The bikers were very polite and friendly and I had to apologize several times for being in their way. There were a few families and small children on the trail. That trip was followed by some 8 to 12 mile hikes in USFS wilderness. There was no sign of mountain bike use inside wilderness boundaries. There was horse use and mountain bikers are correct in saying the physical impacts of horses are far greater than that of bikes. I stopped in Breckenridge for three days on the way home and hiked one popular trail for both hikers and bikers. It was a quiet visitor day and I saw no conflicts in part because the trail was as wide as a narrow road and the bikers were very considerate.

A few thoughts from my very limited survey:
1. In both areas there is a lot of money in mountain biking.
2. There is an abundance of trails for all user groups.
3. The Mammoth Mountain downhill bike trail would be decent hiking up and down but that would be totally incompatible with biking. There are too many bikes and although I didn't see extreme bike speeds the trail is too narrow and the sides are steep both up and down. It would be difficult for hikers too step aside and partially deaf individuals like myself would not hear them.
4. A complaint by hikers is that bikers can't enjoy the scenery and the flowers, but my brief experience led me to believe that an experienced biker on an easy trail has as much time to glance around as a hiker but hikers can stop faster to look at the view or flowers.
5. Aside from their physical impact horses move about as fast as hikers and a string of horses and hikers going the same direction would seldom see each other.
6. National parks could provide an abundance of trails primarily for bikers but that is an expensive proposition.
7.I think hikers would avoid using narrow trails heavily frequented by bikers. An occasional biker would be OK for most of us but large numbers would not.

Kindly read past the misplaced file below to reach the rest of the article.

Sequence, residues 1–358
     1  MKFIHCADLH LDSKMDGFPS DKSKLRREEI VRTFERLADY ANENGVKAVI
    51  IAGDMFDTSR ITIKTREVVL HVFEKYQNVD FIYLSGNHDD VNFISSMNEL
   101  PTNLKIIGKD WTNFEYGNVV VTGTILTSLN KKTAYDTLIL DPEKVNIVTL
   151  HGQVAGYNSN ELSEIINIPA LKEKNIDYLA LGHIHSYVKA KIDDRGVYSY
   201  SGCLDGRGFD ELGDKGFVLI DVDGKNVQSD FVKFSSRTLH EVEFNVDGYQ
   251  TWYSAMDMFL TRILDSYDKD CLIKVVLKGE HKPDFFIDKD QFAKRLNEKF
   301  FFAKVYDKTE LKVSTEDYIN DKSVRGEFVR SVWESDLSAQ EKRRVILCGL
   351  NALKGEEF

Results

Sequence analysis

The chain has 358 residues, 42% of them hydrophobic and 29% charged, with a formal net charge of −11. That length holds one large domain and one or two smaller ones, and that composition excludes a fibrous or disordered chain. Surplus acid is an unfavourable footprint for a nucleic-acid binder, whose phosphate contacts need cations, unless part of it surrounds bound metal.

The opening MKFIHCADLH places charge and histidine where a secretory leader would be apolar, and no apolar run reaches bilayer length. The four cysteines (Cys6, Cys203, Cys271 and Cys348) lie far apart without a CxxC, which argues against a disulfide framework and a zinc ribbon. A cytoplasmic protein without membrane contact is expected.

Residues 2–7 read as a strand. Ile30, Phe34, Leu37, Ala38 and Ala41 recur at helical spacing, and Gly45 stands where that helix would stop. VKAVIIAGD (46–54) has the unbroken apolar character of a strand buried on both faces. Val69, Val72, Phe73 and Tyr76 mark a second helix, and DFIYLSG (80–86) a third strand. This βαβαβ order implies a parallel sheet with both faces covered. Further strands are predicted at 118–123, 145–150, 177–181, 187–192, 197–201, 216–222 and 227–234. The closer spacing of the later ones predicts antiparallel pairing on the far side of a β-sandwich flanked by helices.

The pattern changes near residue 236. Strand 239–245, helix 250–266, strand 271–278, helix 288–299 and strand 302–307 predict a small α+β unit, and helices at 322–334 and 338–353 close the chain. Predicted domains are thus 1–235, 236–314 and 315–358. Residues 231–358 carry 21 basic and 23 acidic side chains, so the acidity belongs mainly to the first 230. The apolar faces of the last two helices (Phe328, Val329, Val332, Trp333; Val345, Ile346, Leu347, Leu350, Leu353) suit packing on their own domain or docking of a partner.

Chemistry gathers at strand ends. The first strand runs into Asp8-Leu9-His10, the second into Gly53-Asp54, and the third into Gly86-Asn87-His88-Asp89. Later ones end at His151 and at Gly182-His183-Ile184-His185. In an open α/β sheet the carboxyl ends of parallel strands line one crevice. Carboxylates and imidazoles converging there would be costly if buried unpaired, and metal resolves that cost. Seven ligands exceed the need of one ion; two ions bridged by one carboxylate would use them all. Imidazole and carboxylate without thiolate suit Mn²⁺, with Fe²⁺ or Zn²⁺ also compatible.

Please note no mention of spiritual values.

Excellent and insightful comment, Roger. (I don't know how to say that without sounding patronizing, but please be assured I don't mean to be.) And congratulations on being so adventurous in your mid-70s. The country could use a few more million people like you.

I agree it would be needlessly costly to have bicycle-only trails in national parks. Better to divide uses by day of the week on popular trails, don't you think? I was looking at pictures of the crowded Cascade Pass Trail in North Cascades National Park. There, I think you could have mountain bike Tuesday or some such, and then leave the other six days for hikers and backpackers.

If one looks at all of the linked-to pictures, you'll see an armed ranger in a number of them. For some reason, I find that extremely off-putting in that bucolic and scenic setting. Does anyone agree, or am I too sensitive?

Anonymous of 10:38 p.m. on Aug. 17, 2012, writes:

[M]aybe a permitting system could be used for mountain biking, similar to how it [is] used for backpackers to reduce impact.

I'm confident that all but the most mule-headed mountain bikers would be happy with that arrangement.